My aunt sees money in the way I’ve been striving to see it for many years now – as just another means of trade. The folks at the Dept. of Electricity may prefer to be paid in dollars and cents, but not everyone does, and my aunt has built a life around learning to barter and trade. Last summer, she helped my cousin prep vegetables for the Farmer’s Market and in return, he shared part of the harvest with her, and even part of the pig he butchered. She has also found (like we have) that people throw away good stuff all the time. Though her dumpster diving days are over now, my aunt still benefits from other people’s discards. She said that most of her wardrobe and the books she reads are hand-me-downs from friends and fellow church members. “Why buy something when you don’t have to?” she says.

We had the most fun with my aunt going thrift shopping. None of us spent more than $5 but it was fun to look at stuff with someone who appreciates the “game of thrifting”. It was also nice to be with someone who enjoys the smallest of things – like getting a country ham and biscuit at the church bazaar or getting lost in the boonies following signs for a garage sale. No matter what we did with her, my aunt had a great time. Her enthusiasm and happiness were contagious so we couldn’t help but have a good time too. We even found ourselves enjoying things that we would never have done if Annie wasn’t with us – like eating a fast-food sandwich. Like us, my aunt eats at home all the time, making all of her meals from scratch, so it was a treat for her to have something different. And for a moment, I was transported back to my childhood – back to the days before we worried about non-GMO, organic, pasture-raised purity – back when stopping for a chicken sandwich was the treat at the end of a fun morning of yard sale adventures with my Granny and Grandpa.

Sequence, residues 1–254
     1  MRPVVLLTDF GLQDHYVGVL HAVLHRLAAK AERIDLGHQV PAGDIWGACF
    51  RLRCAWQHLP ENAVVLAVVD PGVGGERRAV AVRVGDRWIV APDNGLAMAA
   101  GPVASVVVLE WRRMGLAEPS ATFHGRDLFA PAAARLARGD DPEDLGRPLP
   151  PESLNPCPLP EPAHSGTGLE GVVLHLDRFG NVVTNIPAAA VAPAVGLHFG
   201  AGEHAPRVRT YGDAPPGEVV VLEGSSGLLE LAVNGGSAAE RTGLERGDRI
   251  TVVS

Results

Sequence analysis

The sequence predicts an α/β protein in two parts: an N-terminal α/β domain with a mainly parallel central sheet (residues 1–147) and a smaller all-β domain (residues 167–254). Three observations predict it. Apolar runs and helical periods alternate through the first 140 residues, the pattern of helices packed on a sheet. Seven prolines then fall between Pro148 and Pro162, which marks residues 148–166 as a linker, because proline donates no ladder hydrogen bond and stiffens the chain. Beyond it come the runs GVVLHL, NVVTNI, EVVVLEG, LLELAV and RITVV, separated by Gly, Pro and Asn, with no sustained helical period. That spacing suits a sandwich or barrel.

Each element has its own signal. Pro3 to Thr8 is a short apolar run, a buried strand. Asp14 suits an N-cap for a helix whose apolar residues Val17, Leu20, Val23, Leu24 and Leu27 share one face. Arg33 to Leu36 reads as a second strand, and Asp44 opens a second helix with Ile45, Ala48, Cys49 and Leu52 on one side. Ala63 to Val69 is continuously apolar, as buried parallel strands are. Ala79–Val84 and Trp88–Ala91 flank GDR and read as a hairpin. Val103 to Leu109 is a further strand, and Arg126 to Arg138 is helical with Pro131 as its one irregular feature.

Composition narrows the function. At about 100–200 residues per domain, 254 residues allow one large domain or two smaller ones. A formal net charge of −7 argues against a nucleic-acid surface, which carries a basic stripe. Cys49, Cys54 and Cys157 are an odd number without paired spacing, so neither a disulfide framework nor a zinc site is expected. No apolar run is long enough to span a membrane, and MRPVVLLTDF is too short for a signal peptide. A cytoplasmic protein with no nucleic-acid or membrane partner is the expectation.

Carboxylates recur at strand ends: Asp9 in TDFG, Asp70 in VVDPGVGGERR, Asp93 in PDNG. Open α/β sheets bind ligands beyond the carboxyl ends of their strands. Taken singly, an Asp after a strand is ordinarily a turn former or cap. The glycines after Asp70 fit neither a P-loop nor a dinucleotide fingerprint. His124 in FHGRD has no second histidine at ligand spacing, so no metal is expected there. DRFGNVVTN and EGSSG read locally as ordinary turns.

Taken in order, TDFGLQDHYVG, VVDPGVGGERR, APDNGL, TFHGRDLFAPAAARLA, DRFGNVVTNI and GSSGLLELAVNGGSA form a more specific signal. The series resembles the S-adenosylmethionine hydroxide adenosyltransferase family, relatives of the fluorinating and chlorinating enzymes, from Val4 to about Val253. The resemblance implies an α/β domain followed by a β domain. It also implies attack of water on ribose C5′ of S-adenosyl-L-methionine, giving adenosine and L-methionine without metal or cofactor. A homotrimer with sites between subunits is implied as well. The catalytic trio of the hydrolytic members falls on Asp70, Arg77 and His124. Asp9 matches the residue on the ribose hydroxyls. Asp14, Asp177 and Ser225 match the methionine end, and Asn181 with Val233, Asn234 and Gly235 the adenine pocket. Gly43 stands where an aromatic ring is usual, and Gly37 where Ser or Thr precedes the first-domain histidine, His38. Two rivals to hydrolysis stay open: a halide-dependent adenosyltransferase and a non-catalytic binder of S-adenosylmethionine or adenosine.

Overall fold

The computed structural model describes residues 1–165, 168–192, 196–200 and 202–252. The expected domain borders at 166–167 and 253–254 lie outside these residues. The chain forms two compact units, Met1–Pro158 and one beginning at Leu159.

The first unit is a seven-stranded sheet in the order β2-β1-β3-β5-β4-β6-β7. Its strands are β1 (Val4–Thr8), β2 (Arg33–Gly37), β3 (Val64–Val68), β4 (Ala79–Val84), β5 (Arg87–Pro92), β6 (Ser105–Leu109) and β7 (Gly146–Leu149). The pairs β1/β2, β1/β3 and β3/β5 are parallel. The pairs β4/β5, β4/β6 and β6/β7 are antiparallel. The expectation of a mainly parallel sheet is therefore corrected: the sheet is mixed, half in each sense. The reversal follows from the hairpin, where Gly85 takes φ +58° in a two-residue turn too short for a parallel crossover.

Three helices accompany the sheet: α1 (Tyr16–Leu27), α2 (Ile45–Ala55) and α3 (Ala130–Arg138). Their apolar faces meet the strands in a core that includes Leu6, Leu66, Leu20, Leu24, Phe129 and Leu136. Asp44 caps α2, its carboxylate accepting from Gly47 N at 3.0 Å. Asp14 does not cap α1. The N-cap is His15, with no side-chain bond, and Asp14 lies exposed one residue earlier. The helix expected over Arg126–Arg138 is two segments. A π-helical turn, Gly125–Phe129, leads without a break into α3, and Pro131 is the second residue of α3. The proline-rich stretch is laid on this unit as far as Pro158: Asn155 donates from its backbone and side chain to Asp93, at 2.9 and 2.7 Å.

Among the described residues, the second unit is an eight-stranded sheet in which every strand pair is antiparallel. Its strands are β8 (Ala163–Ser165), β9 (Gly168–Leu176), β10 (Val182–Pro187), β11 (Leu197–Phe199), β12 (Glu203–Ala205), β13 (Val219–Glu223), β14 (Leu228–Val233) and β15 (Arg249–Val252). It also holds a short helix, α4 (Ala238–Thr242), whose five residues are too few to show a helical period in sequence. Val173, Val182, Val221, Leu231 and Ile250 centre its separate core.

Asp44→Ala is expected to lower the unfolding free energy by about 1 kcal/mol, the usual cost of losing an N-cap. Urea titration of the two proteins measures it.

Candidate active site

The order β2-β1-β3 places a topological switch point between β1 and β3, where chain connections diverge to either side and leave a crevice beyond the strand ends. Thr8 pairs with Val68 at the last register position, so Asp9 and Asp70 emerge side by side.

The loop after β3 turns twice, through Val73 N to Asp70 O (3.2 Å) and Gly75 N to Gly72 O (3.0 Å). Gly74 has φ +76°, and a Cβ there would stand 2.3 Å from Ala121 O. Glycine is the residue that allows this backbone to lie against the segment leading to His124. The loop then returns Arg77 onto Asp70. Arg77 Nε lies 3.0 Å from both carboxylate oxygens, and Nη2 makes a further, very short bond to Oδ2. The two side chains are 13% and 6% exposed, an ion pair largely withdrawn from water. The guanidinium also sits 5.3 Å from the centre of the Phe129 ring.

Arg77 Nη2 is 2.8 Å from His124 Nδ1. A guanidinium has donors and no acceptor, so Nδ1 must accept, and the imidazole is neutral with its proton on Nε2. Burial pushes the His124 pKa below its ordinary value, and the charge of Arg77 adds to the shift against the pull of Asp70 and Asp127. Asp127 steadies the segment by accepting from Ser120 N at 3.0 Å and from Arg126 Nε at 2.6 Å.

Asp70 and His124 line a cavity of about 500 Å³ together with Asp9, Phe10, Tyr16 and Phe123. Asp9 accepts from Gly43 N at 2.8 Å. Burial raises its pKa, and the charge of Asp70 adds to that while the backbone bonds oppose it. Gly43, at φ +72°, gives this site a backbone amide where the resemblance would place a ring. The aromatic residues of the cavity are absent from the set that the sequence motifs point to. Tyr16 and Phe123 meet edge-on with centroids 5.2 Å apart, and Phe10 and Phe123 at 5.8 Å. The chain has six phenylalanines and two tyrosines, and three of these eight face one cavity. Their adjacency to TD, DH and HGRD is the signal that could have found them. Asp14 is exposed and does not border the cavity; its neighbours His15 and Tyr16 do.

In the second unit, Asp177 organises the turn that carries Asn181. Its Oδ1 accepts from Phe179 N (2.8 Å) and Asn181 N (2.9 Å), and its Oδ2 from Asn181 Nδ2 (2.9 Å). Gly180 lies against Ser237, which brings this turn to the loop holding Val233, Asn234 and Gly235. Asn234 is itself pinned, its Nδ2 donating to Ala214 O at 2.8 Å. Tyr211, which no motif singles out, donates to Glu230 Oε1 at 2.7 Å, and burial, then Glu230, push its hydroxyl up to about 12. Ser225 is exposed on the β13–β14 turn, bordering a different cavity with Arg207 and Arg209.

My aunt also has purity of mind, something so rare, I was in absolute awe of her. She doesn’t gossip. She doesn’t lie. If you tell her something, you don’t even have to say “don’t tell anyone” because you can rest assured that she will never say a word – even when that subject comes up in a conversation later on and you tell on your own self, she will never say that she knew anything about it. She doesn’t watch the news, though she does read the local newspaper when she can. She doesn’t spend hours online, though much to my mom’s dismay, she did tell us many times to take a picture of something and put it on Facebook. She reads histories, biographies, Southern literature, and even Amish romances but never a murder mystery. In fact, when my mom was watching a true-crime show on TV, Annie covered her eyes just before the murder occurred. She doesn’t want those images in her mind, and as someone who still has flashbacks of scenes from Sons of Anarchy, I can completely appreciate that.

I never sat down with my aunt to do a real interview but I didn’t really have to. Her philosophy on life isn’t something she she needed to put into words for me. It was clearly evident in everything that she said or did: Be kind, be grateful, have faith, enjoy each day that you are given, do the best you can with what you have, and don’t sweat the small stuff – or the large stuff either.

If Every Day Were Sunday…

Our little garden is starting to wind down for the season and I’m already starting to miss it. When we were ankle deep in peas and tomatoes, I didn’t think the end would come quick enough but as we canned the last few pints of salsa on Sunday, it started to sink in. Fall is just steps away and winter is right behind it.

Years ago, those transitions meant little more to me than putting up the appropriate seasonal decor on our front door. My life was basically the same every day, only the weather changed. I got up, went to work, came home, ate dinner, watched TV, went to bed, and repeated it all until Friday night, when I’d go out to eat (like everyone else I knew) and head to the grocery store, Walmart, and wherever else I could spend my paycheck. Why? Because I worked hard and the new fall sweaters (or spring t-shirts) were out and well, I deserved one!